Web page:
W12 Coaching Young Athletes. This course is designed to provide students with knowledge and practical experiences related to coaching young athletes. It focuses on knowledge, skills, strategies, and issues in youth sport. This course aims to develop insight and knowledge for a youth sport leader, primarily in the areas of philosophy, psychology, and pedagogy, and secondarily in physiology and risk management. The course will study issues involved in coaching the young athlete in an attempt to expose the complicated demands of coaching and the necessary tools one should possess in order to be successful in coaching. Students will demonstrate knowledge and ability to utilize effective teaching principles in one's coaching through one's planning and peer teaches (tests, practice plans, and peer teaches). Students will demonstrate the ability to constructively and reflectively critique their own coaching as well as other coaches' teaching/ coaching (peer teach reflections and observations). Students will demonstrate the knowledge and ability to analyze and critique information and issues coaching youth sports (wizard questions, tests, articles, small group work). Finally, students will demonstrate understanding and knowledge of the multitude of factors and issues which impact a coach and which go into coaching a sport team (philosophy paper, coaching plan, and small group work). K. Gall, J. Bergsma. 8:30 a.m. to noon.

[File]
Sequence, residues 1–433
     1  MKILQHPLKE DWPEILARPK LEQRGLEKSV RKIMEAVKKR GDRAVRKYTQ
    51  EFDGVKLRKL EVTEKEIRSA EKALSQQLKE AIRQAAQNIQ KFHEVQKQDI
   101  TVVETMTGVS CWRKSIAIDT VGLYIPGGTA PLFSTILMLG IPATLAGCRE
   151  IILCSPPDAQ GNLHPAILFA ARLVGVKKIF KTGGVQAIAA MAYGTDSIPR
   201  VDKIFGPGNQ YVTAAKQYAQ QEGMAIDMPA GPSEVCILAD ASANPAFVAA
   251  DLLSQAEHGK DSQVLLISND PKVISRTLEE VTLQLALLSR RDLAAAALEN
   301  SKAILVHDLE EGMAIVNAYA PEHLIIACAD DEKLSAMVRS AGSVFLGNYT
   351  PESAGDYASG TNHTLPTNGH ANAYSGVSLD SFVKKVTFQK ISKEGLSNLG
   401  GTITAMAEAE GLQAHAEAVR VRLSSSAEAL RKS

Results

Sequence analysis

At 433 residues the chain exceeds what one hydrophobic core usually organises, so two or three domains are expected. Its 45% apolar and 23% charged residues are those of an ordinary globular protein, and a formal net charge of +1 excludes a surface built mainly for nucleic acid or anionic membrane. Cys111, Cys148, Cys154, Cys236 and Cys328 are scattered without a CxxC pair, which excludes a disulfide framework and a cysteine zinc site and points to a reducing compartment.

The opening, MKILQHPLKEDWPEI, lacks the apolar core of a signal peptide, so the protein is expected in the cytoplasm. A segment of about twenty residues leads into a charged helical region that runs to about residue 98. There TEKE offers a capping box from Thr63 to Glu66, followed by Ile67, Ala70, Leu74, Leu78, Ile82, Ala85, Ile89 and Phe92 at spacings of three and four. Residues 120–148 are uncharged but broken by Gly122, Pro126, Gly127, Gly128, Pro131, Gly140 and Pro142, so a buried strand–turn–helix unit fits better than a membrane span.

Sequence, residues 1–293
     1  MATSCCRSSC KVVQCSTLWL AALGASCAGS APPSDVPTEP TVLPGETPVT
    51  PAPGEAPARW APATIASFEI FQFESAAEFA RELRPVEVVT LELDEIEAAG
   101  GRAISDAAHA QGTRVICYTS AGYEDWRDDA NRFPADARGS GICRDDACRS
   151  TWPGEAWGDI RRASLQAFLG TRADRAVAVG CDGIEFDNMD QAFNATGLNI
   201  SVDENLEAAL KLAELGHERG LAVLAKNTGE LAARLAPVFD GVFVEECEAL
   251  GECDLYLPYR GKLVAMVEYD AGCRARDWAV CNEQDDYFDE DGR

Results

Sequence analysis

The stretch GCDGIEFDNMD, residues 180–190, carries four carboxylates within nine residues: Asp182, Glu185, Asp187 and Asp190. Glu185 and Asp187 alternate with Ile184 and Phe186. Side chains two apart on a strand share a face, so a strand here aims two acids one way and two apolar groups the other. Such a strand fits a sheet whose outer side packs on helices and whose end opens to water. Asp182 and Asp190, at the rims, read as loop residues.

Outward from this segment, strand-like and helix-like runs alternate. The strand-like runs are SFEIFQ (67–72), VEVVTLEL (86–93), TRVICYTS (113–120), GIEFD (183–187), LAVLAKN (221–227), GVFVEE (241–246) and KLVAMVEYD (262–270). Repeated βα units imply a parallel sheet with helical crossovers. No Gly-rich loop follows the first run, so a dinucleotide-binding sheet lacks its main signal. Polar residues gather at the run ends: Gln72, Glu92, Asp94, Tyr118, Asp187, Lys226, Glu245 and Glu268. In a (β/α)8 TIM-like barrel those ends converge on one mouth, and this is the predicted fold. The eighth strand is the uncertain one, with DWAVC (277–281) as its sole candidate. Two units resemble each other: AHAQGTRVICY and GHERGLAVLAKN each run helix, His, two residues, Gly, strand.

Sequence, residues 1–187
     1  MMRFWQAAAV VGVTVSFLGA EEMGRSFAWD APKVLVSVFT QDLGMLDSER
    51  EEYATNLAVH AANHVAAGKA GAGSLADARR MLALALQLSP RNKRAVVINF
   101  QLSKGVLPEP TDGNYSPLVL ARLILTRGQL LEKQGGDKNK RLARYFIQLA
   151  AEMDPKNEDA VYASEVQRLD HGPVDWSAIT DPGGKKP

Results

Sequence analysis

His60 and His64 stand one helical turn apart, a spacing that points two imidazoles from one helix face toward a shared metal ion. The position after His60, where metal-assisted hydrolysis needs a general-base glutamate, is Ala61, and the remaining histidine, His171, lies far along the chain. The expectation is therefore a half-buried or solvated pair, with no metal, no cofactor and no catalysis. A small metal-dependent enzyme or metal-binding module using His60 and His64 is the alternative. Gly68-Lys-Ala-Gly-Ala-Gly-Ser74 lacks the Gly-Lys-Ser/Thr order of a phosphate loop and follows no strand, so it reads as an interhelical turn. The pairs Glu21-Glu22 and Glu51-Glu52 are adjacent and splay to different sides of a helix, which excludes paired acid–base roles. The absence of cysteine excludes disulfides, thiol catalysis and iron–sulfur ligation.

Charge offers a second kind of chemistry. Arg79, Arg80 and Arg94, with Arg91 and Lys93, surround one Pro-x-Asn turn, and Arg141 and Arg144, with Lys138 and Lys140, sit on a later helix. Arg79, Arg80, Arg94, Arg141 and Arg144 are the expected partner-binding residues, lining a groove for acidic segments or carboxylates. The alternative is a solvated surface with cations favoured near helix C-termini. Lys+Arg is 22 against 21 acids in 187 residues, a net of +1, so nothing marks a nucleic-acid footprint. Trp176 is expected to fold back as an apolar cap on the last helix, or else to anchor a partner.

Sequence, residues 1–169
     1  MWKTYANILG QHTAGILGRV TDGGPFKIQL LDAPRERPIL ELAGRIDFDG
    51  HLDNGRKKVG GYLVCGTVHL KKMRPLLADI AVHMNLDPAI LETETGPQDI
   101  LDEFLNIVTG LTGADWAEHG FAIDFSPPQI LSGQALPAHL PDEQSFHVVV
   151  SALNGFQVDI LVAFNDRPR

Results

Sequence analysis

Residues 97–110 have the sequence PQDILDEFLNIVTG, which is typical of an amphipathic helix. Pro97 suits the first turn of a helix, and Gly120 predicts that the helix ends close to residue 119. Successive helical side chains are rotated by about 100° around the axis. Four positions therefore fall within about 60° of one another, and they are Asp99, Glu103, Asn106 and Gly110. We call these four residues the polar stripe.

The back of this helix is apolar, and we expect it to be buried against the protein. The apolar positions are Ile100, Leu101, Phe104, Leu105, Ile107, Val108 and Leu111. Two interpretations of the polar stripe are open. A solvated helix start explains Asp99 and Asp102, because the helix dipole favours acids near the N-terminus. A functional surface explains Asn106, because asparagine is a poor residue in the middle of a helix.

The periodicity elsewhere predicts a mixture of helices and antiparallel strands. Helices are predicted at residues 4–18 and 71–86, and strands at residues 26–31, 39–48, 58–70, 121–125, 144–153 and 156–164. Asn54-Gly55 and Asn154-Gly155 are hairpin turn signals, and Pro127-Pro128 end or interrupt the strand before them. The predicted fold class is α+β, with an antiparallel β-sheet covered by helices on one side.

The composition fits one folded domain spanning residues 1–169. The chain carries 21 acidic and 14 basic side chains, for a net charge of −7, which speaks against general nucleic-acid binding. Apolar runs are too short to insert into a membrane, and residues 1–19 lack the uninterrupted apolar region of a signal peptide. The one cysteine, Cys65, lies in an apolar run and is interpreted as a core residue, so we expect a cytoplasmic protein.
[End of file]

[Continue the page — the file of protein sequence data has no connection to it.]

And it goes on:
W14 Women's Health. This course focuses on personal decision making in all dimensions of women's health. We investigate, discuss, and share women's health concerns ranging from cancer to sexuality. We focus on the unique physiology and anatomy of women, as well as on health care use and advocacy. Community experts, women's health videos, and field trips to selected agencies add to our learning experience. Students are expected to make a class presentation, conduct a health interview, attend relevant January Series Lectures, and write two reaction papers on journal articles relevant to women's health issues. D. Bakker, A. Warners. 8:30 a.m. to noon.